Originally opened in 1928 as a restaurant that served “Tamale pies,” malts, and other “Spanish delights” along with hamburgers and chili, The Tamale is now home to a beauty salon and a dental laboratory. In 1984, The Tamale was transformed from a restaurant and adaptively reused to meet the needs of its current tenants. This particular building, which was designed to look like a wrapped tamal, has seen its exterior color change throughout the years but is largely intact. Increasingly rare, few examples of programmatic architecture exist in Los Angeles today.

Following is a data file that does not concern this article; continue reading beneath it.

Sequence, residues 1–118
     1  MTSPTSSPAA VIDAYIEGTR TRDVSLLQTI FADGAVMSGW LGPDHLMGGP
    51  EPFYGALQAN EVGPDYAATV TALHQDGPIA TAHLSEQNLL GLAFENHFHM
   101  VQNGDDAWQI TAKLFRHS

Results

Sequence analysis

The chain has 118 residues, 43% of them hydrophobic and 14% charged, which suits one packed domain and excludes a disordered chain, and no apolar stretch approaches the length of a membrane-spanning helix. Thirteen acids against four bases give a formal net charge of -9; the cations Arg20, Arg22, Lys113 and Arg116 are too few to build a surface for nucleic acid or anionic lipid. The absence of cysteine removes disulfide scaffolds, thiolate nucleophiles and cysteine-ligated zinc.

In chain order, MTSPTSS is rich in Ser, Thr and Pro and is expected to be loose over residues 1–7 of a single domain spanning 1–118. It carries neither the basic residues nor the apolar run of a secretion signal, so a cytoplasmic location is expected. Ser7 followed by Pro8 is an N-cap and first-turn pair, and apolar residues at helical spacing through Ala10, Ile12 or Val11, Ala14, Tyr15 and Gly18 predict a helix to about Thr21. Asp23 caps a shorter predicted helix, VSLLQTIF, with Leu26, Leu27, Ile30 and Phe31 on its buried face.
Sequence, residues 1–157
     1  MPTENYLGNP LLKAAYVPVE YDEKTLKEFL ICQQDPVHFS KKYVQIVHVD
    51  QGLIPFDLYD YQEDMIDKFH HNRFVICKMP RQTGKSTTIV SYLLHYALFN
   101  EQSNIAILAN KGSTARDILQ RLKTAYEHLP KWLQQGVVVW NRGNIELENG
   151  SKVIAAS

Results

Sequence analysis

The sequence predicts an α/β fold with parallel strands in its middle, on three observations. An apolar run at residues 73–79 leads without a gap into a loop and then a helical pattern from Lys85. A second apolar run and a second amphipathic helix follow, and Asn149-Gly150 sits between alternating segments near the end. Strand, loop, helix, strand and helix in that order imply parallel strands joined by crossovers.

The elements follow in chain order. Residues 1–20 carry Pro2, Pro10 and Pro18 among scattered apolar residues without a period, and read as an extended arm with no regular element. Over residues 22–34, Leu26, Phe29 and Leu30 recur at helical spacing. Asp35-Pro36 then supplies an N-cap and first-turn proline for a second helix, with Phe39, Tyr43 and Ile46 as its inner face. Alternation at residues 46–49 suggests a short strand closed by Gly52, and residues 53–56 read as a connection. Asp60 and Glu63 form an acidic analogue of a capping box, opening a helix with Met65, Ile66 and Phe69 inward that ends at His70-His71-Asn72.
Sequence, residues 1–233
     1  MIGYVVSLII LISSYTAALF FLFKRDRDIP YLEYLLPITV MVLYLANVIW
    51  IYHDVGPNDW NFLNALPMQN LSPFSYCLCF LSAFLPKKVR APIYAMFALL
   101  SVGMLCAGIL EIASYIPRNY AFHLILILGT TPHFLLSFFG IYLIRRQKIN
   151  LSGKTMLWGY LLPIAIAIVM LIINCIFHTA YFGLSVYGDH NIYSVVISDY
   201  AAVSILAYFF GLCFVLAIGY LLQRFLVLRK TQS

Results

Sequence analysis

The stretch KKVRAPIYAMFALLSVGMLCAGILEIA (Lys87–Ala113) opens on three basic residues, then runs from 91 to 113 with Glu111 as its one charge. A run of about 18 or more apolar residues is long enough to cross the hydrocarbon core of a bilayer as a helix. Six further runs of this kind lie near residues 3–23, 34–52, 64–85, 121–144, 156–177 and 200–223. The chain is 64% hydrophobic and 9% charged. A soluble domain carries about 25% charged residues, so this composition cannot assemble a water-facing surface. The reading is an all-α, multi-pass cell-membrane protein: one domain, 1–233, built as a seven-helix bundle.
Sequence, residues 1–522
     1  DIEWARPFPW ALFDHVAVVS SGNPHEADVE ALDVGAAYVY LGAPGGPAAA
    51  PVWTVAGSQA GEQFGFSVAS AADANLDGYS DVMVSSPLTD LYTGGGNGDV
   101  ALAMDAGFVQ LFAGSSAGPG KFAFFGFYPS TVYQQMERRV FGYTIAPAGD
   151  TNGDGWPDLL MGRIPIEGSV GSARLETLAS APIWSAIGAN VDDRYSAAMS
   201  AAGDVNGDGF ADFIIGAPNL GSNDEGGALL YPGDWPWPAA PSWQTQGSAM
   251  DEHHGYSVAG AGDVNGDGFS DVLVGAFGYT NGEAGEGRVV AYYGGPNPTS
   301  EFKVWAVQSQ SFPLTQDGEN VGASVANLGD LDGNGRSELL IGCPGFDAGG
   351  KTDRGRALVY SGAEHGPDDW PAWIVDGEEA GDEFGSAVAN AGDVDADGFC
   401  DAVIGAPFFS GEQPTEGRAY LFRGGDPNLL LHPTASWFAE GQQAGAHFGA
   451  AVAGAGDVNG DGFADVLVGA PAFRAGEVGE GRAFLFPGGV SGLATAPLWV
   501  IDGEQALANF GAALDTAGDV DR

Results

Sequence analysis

Programmatic architecture momentarily dotted the Greater Los Angeles landscape as it catered to the area’s expanding car culture and commuters by utilizing a commercial building’s architecture to advertise what products consumers could expect to find inside. Other well-known, extant examples of this style of architecture are The Donut Hole in La Puente and The Darkroom in the Miracle Mile area. The programmatic style of architecture became popular in the 1920s and 1930s, and it was highly influenced by the exponential rise of the automobile, a trend that grew through the post-war era. In California Crazy & Beyond: Roadside Vernacular Architecture, urban anthropologist Jim Heimann highlights The Tamale as clear example of extant programmatic architecture in the Los Angeles area.